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From the East Anglian Daily Times.

I cannot eat oysters. Tried them once. Didn’t get past the first one. I’ve retained an interest, however, because they keep cropping up in history, especially local history. A quick digest of oysters for you. They are bivalves, a form of life more ancient than humans They can also fertilise themselves, since they contain both sperm and eggs. According to gastronomes, they’re best eaten alive with little more accompaniment than a glass of crisp white wine. Enough to turn anyone vegan isn’t it? They are associated, when included in the diet, with human fertility and the libido. But I still don’t fancy them.

Some time ago I was invited by a kind Colchester mayor to attend the annual September oyster ceremony. This would take place aboard a boat out at Pyefleet Creek. It involved the traditional opening and eating of the first oysters of the season. With them would come gingerbread and a glass of gin. I’m not the world’s worst sailor, but I’m on the charts. So I did a quick equation: Me + boat + oysters + lunchtime gin + gingerbread? I declined as gracefully, as I could. Nor have I ever attended Colchester’s famous Oyster Feast, a beano held at Colchester Town Hall each autumn.

Colchester oysters have been popular for a very long time. I was somewhat surprised to stumble on a theory that it was Britain’s rich harvest of oysters which may have helped galvanise the Roman invasion of Britain. Tenuous as this may sound, oysters really were prized as a delicacy in Roman times. The status of the oyster in gastronomic history, tends to oscillate in fashion, between posh nosh and scran for the common man.

The golden age of oysters, is generally acknowledged to have been during 18th and 19th centuries. In London alone, during 1866 it was recorded that we got through 700 million of them. A century later, though, that figure had sunk to 3 million. Why? The Oyster is a tough old thing, but, it seems, not invincible. In 1963 an unusually cold winter severely depleted the oyster beds. Conversely, a hot summer in the early 1980s did the same thing. Over many years, too, a now banned anti-fouling paint used on the undersides of boats killed even more of the creatures. The biggest enemy of the once plentiful oyster, however, seems to have been over-fishing.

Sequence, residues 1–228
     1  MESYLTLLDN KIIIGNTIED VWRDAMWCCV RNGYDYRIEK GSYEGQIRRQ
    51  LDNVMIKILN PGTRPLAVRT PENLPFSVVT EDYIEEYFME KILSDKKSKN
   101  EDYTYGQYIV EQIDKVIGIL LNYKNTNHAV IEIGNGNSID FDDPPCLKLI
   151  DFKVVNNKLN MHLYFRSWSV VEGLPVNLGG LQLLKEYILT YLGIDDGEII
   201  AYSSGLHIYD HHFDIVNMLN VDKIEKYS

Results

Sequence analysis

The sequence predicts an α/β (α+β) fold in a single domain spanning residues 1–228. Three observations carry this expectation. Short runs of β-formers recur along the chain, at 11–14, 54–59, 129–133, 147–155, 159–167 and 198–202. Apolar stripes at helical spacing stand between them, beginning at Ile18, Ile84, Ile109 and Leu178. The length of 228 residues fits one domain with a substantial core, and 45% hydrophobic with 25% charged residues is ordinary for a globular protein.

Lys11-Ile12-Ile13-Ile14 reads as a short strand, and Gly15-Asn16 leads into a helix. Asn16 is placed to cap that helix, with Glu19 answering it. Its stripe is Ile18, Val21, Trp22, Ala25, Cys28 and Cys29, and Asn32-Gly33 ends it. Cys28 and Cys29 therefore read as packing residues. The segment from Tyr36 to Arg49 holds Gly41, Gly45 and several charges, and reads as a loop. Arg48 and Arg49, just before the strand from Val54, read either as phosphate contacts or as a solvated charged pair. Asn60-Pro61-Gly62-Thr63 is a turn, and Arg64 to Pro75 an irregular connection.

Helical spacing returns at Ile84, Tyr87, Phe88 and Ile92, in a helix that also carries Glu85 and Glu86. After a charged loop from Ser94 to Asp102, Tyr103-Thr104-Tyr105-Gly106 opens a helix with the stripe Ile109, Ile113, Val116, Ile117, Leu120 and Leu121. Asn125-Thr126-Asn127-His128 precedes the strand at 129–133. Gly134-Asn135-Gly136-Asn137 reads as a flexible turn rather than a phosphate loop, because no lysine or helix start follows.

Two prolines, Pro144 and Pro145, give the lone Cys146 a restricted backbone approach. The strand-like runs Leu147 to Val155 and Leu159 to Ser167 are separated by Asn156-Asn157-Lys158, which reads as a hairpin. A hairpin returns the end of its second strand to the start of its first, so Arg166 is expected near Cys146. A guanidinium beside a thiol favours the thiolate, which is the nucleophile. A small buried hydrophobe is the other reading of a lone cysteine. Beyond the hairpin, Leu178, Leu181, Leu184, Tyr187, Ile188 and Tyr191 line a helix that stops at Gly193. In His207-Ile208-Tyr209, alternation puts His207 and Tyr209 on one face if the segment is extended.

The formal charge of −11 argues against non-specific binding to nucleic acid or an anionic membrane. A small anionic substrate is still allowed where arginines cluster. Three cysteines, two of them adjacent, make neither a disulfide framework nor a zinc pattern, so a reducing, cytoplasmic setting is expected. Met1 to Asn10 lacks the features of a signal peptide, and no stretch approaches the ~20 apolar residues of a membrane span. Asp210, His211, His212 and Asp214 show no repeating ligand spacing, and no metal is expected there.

The almost insatiable Victorian thirst for oysters had already wreaked much damage. In the mid 19th century, the popularity of oysters as street food could probably compare to that of hamburgers and kebabs today. Oyster pie, too, was what poor people would often eat, when meat prices were high.

Interestingly, oysters, when left to their own devices, are good for the environment. That’s why in recent years, oyster beds have been reintroduced to the Humber Estuary, They clear the water. A single adult oyster will filter 100 litres of water a day. This beneficial attribute, then encourages other species to return to the waters, something which environmentalists consider a win-win.

Daniel Defoe in his Travels Through the Whole Island of Great Britain mentions ‘oyster beds at Wyvenhoe’ while Jonathan Swift also wrote a short, somewhat salacious poem, praising them. Here’s where I came in. Last autumn I was asked by a young film-maker, Matthew J Harrison, to read Swift’s poem about oysters to camera. Matthew, I learned, was single-handedly making a documentary film, Oyster Land. In his young 20s, with a clear plan but no major funding, I considered his project worthy of my support.

Now, as readers here will know, I don’t need to be asked twice to dive into the dress-up box. So I found some historical clothes and read the poem, That might have been it, except, weeks later, while sifting through my ‘unfinished symphonies file’. I found a few useful musical bits and bobs, which I’d been tinkering with earlier.

Might they do for a sound-track? I asked Matthew. I’ve worked quite a bit with young film-makers. They’re often on a tight budget and can’t always afford to pay music publishers for the use of existing music. So, if I have the spare time and feel so inclined, I’ll sometimes find, or even compose small pieces of original music for them. It’s not entirely altruistic. It’s more like betting on racehorses. You never know, one of them might be the next Stanley Kubrick.

 The thing is, that Matthew’s documentary contains unique footage and interviews which are not only of regional interest but of much historical value. He’s had the courage to go aboard ships (unlike me) and get tough old Essex lads to open up like oysters, talking about their work. It’s moving to listen to them; especially against a background of bird-loud marshland and the inscrutable old North Sea This is why I’ve ended up lending a hand. Matthew J Harrison’s documentary Oyster Land will be released later this year. More news soon, I’m sure.


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